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Infrastructure Agreement Advances, But It's Not A Done Deal


A bipartisan infrastructure package cleared a procedural hurdle in the Senate last night after 17 Republicans, along with 50 Democrats, voted to begin debate on the bill. President Biden praised the vote.


PRESIDENT JOE BIDEN: While there's a lot we don't agree on, I believe that we should be able to work together on the few things we do agree on.

MCCAMMON: But to be clear, senators only voted to begin debate. They have not finished writing the legislation. NPR congressional correspondent Susan Davis joins us now with more. Hi, Sue.


MCCAMMON: OK. So remind us - what's actually in this package?

DAVIS: Well, it's going to spend about $1.2 trillion over the next eight years. About half of that is in new spending. It's money for what lawmakers have been calling hard infrastructure. There's more than $100 billion in there to spend on roads. There's a big infusion of money for transit systems, including $66 billion for one of President Biden's personal priorities, the Amtrak rail system he rode for decades as a Delaware senator. It's also got a lot of money for clean energy programs. It's going to expand high-speed internet access that could benefit a lot of rural and tribal communities. And Biden also touted how it's going to replace all of the nation's lead pipe systems, which often predominantly affect poorer communities and communities of color.

MCCAMMON: But still a lot of work to do - they still have to write this bill. What happens after that?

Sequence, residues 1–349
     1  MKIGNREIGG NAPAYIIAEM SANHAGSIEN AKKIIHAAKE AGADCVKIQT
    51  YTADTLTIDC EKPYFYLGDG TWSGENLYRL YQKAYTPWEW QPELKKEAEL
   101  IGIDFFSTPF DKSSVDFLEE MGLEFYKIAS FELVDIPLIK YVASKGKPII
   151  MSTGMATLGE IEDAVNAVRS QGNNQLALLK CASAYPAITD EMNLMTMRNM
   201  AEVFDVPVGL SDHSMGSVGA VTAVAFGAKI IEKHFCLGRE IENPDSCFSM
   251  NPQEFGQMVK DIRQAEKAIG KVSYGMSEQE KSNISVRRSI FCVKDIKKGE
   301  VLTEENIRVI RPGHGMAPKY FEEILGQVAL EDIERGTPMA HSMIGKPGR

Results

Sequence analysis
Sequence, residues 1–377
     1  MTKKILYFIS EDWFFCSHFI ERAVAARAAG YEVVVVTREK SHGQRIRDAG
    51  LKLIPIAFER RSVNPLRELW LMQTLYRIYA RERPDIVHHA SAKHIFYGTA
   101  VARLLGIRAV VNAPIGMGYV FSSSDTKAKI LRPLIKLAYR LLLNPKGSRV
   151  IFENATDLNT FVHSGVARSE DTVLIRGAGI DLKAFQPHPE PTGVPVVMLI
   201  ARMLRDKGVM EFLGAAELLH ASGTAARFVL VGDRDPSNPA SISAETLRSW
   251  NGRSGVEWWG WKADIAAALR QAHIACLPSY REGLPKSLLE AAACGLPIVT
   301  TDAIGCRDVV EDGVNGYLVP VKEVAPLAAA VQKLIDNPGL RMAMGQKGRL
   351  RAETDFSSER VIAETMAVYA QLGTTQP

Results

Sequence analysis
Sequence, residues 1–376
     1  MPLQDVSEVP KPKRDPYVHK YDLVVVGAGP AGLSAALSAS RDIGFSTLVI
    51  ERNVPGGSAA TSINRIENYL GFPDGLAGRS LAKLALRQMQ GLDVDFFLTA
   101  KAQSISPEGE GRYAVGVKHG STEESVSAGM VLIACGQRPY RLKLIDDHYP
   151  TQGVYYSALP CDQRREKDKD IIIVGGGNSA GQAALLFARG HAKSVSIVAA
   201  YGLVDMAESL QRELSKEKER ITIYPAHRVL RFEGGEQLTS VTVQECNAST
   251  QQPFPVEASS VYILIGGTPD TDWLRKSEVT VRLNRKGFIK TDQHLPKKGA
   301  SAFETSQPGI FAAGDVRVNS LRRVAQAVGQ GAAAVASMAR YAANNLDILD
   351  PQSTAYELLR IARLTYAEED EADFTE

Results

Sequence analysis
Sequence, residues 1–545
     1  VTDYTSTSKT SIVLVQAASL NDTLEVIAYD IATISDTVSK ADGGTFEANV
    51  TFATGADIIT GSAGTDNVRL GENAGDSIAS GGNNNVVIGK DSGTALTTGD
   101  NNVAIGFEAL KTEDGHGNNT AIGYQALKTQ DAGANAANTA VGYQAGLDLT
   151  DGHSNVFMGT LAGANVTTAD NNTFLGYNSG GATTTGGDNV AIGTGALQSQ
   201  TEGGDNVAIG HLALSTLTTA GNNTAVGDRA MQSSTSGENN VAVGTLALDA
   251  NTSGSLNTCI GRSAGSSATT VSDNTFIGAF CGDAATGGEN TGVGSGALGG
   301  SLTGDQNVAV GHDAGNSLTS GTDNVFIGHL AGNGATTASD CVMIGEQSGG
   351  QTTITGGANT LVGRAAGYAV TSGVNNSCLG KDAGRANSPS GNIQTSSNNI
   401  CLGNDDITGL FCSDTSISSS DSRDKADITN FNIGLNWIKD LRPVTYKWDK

DAVIS: Well, Senate Majority Leader Chuck Schumer says it'll take days, not weeks, to wrap up this bill. We're still waiting on final legislative text and possible amendments in the Senate, but 17 Republicans voting for it last night is a pretty clear sign they're going to have the votes they need to ultimately pass it. House Speaker Nancy Pelosi yesterday said she's not going to bring it to the floor for a vote until the Senate also passes a resolution to start the ball rolling on a $3.5 trillion budget package that Democrats are planning to move without Republican support using a special budget process.

There's also some grumbling from House Democrats about the infrastructure deal. They didn't really have much of a role in shaping this. But with the White House signed off, it's going to be really hard to make any fundamental changes to it. Most Democrats are really just focused on this next budget deal, which would include major new government programs like expanding Medicare, paid family leave, universal pre-K education. And that bill is really going to dominate the fall agenda in Congress.

MCCAMMON: NPR's Susan Davis. Thank you so much.

DAVIS: You're welcome. Transcript provided by NPR, Copyright NPR.

Sarah McCammon
Sarah McCammon is a National Correspondent covering the Mid-Atlantic and Southeast for NPR. Her work focuses on political, social and cultural divides in America, including abortion and reproductive rights, and the intersections of politics and religion. She's also a frequent guest host for NPR news magazines, podcasts and special coverage.
Susan Davis is a congressional correspondent for NPR and a co-host of the NPR Politics Podcast. She has covered Congress, elections, and national politics since 2002 for publications including USA TODAY, The Wall Street Journal, National Journal and Roll Call. She appears regularly on television and radio outlets to discuss congressional and national politics, and she is a contributor on PBS's Washington Week with Robert Costa. She is a graduate of American University in Washington, D.C., and a Philadelphia native.

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